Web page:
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Hybrid vs. electric cars

Learn how to make the right environmentally friendly choice between buying a hybrid vs. electric for your next vehicle.

A green car means spending more money up front and less over the long run. But if you’re not sure whether an electric car or hybrid is the better option, knowing the basics will help you make the best decision for your lifestyle and budget.

Hybrid vs. electric: Purchase price

On average, electric vehicles (EVs) and plug-in hybrid electric vehicles (PHEVs) cost more than their gas counterparts, including hybrid electric vehicles (HEVs). This is because the engine, battery and charging system are newer in EVs — and slightly more complex — than cars with combustion engines. But the real difference between the two will depend on the model you want to drive.

Electric cars

Fully electric cars don’t come cheap: Most fall somewhere in the $35,000 to $45,000 range. As of September 2021, the least expensive electric car in Canada is the 2022 Nissan Leaf with an MSRP of $37,498. Electric models designed by luxury brands like Porsche can easily surpass the $100,000 mark.


Hybrids cost slightly less than electric cars, — whether you’re considering a PHEV that requires some charging or a HEV that recharges while you drive. To help give you an idea of how much these cars can cost in Canada: A PHEV typically ranges from around $30,000 to $45,000, while HEVs tend to be cheaper with MSRPS ranging from $25,000 to $40,000. One of the cheapest hybrids out there is the 2022 Hyundai Elantra Hybrid with its $24,799 price tag. And as with electric cars, keep in mind that luxury brands will cost more.

Compare MSRPs and ranges for 20+ electric and hybrid vehicles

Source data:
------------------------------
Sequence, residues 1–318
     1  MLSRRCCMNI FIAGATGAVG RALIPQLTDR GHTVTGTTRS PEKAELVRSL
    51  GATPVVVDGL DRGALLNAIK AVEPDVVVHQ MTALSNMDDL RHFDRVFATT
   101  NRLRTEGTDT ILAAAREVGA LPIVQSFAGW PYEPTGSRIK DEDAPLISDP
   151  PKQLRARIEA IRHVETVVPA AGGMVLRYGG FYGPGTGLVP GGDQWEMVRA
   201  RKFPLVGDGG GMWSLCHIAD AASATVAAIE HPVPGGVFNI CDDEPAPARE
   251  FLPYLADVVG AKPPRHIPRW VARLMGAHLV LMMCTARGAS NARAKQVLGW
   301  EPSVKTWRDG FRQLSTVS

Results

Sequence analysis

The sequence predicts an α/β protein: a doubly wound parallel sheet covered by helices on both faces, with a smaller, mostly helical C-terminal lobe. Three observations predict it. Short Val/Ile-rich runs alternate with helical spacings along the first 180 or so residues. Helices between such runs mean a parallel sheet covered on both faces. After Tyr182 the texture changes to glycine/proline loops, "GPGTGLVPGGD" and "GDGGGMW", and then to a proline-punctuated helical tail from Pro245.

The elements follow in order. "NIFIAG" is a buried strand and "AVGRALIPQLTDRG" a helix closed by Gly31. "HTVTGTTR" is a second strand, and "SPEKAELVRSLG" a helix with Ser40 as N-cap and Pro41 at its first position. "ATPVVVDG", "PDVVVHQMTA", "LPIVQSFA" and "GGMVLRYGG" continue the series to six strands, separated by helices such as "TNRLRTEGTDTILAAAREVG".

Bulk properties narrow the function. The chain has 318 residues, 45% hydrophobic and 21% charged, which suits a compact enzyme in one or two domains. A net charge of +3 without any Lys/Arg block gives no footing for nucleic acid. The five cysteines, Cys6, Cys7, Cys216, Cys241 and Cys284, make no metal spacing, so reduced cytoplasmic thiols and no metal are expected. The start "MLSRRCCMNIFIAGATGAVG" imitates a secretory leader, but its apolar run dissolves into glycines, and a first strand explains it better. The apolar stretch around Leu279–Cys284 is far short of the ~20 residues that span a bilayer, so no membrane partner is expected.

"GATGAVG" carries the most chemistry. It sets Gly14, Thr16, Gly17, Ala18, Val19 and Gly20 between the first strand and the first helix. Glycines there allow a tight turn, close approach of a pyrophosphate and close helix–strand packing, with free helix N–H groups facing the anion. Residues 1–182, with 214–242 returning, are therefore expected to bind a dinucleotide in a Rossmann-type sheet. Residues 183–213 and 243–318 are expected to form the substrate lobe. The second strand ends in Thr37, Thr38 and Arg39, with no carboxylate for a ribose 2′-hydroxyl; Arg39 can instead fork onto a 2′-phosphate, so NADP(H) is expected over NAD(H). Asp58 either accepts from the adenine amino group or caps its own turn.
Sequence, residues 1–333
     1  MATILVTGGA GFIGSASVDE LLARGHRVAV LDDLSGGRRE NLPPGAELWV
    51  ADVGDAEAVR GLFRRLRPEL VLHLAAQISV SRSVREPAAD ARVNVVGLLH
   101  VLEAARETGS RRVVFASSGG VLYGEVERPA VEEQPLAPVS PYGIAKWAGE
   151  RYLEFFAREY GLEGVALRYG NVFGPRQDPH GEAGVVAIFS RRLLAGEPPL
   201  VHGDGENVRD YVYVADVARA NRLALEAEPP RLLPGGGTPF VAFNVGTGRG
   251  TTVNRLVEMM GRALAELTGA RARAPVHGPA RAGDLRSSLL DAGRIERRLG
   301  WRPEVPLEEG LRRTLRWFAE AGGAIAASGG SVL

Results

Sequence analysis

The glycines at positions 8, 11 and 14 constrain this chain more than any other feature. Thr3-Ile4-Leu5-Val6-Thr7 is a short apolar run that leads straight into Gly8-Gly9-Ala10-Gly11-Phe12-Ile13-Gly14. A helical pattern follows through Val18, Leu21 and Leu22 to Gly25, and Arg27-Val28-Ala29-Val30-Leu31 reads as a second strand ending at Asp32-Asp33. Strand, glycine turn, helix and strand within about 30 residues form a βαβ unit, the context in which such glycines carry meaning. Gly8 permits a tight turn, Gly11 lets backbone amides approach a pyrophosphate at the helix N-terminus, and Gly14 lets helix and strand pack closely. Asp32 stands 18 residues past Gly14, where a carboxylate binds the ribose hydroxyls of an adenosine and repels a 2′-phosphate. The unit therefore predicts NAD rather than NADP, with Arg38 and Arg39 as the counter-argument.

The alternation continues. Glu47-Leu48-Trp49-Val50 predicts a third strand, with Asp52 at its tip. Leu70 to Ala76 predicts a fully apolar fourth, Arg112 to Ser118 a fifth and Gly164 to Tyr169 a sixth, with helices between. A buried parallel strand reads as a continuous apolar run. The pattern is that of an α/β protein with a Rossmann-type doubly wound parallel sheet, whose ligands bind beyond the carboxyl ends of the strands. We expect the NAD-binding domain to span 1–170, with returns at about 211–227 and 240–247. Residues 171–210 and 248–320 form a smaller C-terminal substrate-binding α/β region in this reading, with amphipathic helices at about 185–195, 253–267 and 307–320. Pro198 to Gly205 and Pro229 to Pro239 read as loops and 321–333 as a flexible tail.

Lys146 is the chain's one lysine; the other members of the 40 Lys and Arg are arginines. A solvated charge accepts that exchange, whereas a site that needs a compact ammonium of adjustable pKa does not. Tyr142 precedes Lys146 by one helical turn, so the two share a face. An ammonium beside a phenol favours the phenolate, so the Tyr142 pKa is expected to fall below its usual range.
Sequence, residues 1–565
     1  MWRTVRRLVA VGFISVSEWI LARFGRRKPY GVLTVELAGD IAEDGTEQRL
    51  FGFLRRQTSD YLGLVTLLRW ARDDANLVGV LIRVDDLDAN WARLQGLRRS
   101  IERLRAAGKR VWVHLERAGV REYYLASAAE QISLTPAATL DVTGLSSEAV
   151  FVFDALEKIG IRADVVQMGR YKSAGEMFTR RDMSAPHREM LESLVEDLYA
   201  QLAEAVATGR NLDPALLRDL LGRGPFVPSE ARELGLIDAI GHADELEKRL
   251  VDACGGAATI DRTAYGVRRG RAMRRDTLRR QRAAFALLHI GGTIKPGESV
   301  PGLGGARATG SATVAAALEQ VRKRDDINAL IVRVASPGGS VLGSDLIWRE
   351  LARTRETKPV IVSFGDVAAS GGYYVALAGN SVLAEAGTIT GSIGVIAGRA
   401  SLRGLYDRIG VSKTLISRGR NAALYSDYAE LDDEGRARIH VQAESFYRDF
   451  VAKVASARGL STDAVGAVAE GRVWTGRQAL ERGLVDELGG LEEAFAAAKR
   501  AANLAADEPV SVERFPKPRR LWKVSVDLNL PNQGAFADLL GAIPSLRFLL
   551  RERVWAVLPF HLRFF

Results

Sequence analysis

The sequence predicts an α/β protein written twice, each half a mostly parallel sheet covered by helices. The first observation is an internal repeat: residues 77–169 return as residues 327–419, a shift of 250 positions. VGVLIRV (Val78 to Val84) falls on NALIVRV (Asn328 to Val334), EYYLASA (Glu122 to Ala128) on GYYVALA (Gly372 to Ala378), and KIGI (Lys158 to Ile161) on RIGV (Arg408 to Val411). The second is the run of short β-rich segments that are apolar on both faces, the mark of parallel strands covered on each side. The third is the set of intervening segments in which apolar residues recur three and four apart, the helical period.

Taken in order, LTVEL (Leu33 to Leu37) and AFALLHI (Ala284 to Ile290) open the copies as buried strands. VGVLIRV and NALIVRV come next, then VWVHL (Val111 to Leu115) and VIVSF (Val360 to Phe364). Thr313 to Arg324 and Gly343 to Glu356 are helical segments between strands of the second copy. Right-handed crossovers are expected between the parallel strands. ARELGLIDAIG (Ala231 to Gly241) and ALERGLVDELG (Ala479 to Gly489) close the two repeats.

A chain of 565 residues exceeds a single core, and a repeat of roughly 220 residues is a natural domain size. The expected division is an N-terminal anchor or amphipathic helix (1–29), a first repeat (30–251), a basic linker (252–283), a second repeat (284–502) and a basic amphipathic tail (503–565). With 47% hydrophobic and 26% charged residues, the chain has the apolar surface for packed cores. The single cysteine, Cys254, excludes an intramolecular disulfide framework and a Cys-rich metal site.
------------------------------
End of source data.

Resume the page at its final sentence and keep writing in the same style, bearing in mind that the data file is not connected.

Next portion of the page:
Hybrid vs. electric: Fuel costs

Electric and hybrid vehicles are extremely fuel efficient, but it can take multiple years for that fuel efficiency to recoup the upfront cost of buying green. To get a better understanding of the cost for the specific car you have in mind, use CAA’ s Driving Costs Calculator to compare models based on the annual fuel and electricity use, operating cost and cost per kilometre.

Electric cars

The cost to charge an electric car in Canada can run around $1.45 per day, or $530 per year, when charging at night, which makes them one of the cheapest options out there. However, the exact cost of charging one will depend on the cost of electricity where you live and the size of your car’s battery.


The cost to fuel a hybrid varies much more than an electric car. If you opt for a PHEV, you will have to take both the cost of gas and the cost of electricity into account. This means your total fuel cost will be determined by the cost of gas and electricity in your area. But since hybrids in general are more fuel efficient than vehicles that only use gas, you’re still likely to see some savings at the pump.

Hybrid vs. electric: Tax incentives

Both electric cars and some hybrids will qualify for the federal government’s Incentives for Zero-Emission Vehicles Program (iZEV) — but the amount you receive back will depend on the exact vehicle you purchase.

Electric cars

Electric cars will qualify for up to $5,000 in point-of-sale incentives from the federal government as part of the iZEV Program. The provincial governments of both British Columbia and Quebec offer additional purchase and charging station installation incentives.


Not all hybrid vehicles will be eligible for the iZEV Program. The program only offers incentives for plug-in hybrid electric vehicles (PHEVs), while hybrid electric vehicles (HEVs) are not eligible for the iZEV Program. Long-range PHEVs, with a battery capacity of 15 kWh or more, are eligible to receive up to $5,000 in point-of-sale incentives. Short-range PHEVs, having a battery capacity of less than 15 kWh, can receive up to $2,500 in incentives.